• Research Center in Biodiversity and Genetic Resources

    InBIO Associate Laboratory

    Research Center in  Biodiversity and Genetic Resources
  • Research Center in Biodiversity and Genetic Resources

    InBIO Associate Laboratory

    Research Center in  Biodiversity and Genetic Resources
  • Research Center in Biodiversity and Genetic Resources

    InBIO Associate Laboratory

    Research Center in  Biodiversity and Genetic Resources
  • Research Center in Biodiversity and Genetic Resources

    InBIO Associate Laboratory

    Research Center in  Biodiversity and Genetic Resources
 

 

 

 
 
ECOMORPHOLOGY OF SEDENTARY AND MIGRATORY BLACKCAP SYLVIA ATRICAPILLA POPULATIONS IN PORTUGUESE CONTINENTAL AND ISLAND HABITATS
Pedro Andrade | November 8, 2013 | 14h30 | CIBIO’s Auditorium, Campus de Vairão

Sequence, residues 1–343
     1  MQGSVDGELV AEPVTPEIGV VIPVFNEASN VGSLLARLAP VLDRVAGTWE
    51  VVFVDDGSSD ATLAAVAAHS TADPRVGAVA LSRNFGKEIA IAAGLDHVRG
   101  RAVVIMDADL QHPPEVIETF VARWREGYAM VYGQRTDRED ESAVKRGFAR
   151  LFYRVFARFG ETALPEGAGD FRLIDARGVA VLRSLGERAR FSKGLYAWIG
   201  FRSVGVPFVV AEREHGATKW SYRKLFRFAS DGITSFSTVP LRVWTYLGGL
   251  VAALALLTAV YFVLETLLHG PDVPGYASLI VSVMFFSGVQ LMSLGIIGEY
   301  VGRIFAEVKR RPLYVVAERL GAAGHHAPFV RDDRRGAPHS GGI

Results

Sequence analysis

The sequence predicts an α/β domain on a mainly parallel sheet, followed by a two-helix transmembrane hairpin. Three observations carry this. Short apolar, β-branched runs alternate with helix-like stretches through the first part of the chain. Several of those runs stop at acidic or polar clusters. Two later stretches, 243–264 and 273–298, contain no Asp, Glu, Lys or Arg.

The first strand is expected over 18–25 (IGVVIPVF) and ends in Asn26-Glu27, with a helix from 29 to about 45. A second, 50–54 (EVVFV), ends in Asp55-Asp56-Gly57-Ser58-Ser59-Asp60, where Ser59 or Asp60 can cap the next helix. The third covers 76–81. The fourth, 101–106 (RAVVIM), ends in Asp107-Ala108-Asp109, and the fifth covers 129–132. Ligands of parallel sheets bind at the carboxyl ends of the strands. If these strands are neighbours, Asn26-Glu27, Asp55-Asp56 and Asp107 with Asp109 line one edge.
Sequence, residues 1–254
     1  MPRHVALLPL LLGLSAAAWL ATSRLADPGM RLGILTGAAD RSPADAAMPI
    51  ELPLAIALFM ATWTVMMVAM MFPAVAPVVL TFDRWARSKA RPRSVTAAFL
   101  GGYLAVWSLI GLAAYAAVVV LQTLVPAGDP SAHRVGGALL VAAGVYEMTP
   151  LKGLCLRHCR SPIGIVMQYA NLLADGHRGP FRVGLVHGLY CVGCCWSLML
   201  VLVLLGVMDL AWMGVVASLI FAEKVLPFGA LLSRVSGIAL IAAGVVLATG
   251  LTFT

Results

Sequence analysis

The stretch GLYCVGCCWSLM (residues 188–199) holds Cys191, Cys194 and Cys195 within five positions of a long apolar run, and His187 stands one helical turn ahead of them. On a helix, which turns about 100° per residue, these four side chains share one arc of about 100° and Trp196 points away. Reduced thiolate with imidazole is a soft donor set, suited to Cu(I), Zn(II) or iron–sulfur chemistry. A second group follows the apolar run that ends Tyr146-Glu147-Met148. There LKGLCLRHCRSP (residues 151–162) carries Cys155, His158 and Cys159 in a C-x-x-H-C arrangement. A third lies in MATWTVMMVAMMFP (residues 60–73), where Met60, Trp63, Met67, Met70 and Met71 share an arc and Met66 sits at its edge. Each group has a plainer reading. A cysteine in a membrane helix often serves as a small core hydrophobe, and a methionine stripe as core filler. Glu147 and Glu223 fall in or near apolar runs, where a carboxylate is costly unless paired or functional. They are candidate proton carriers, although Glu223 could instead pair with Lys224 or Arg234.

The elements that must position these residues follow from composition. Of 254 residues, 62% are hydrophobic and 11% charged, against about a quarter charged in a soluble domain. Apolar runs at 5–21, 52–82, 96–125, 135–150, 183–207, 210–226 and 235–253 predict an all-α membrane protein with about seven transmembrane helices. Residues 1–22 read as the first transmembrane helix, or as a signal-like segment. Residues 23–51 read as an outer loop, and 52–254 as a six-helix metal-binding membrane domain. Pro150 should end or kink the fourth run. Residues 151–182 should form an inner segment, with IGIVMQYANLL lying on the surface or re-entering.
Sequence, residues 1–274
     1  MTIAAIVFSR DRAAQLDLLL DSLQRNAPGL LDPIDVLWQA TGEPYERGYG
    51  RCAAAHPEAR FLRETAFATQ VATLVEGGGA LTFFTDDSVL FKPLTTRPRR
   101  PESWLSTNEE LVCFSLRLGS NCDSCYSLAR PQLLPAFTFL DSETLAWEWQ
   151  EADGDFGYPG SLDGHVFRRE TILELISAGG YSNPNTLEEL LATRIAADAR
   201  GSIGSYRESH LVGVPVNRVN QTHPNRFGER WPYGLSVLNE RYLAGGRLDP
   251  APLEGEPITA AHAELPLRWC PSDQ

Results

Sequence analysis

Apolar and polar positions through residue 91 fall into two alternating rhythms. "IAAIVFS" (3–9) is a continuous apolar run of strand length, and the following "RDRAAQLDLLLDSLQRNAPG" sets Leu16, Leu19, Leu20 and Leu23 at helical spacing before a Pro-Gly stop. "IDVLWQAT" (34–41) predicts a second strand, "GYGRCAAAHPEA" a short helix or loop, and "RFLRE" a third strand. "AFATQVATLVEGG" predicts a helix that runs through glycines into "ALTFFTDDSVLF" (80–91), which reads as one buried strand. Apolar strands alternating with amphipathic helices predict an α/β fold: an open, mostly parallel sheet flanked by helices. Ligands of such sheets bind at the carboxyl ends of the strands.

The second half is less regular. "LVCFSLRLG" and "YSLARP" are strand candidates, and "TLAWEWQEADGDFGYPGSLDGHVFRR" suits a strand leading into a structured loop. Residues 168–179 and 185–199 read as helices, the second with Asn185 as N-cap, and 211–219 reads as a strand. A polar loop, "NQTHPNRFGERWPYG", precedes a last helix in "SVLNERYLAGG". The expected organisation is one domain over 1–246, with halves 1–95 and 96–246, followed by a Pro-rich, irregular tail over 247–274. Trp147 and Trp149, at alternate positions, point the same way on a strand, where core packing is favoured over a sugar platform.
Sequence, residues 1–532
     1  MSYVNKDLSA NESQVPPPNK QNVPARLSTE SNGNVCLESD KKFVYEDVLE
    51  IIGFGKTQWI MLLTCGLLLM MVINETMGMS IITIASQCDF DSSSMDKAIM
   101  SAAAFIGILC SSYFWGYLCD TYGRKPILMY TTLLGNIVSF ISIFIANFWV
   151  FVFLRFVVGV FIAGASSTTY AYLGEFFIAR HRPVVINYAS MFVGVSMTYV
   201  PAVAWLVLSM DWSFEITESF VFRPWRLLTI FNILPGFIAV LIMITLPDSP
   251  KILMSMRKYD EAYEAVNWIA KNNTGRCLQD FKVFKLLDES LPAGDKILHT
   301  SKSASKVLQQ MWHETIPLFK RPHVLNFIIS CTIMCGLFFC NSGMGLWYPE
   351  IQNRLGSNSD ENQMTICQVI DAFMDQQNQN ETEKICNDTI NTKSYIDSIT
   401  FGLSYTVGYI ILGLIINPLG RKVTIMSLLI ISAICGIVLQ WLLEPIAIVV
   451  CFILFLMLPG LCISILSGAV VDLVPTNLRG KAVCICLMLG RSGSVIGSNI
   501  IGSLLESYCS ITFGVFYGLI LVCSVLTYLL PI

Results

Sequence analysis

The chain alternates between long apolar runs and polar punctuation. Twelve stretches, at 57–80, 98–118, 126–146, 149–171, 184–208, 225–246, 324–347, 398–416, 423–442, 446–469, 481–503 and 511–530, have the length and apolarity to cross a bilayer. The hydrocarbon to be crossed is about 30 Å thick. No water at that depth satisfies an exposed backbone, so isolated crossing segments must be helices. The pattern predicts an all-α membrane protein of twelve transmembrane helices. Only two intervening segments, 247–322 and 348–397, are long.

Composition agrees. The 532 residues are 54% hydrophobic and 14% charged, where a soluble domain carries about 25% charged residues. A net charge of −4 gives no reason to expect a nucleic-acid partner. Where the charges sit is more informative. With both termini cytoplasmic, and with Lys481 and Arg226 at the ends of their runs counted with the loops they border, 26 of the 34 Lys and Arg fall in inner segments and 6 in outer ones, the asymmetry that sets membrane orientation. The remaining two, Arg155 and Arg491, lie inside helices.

2013-11-08
 

STUDENT SEMINAR

 

 

The morphology of flying animals (like birds) is strongly shaped by their particular mode of locomotion, and one of the most important ecological traits shaping morphology in these are the usually long migratory flights many species, or populations within a species, undertake regularly. Another factor with different implications on the morphology of bird species is the adaptation to the particular characteristics of insular environments. In this seminar we invite you to see and discuss the results of a master's thesis aimed at exploring the differing morphological patterns in continental and insular populations of a common passerine bird, the Blackcap (Sylvia atricapilla).

 

 

Pedro is currently enrolled in the Master’s Course in Ecology, Environment and Territory at the Faculty of Sciences, University of Porto, under the supervision of Prof. David Gonçalves [CONGEN Group].

 

Image credits: Pedro Andrade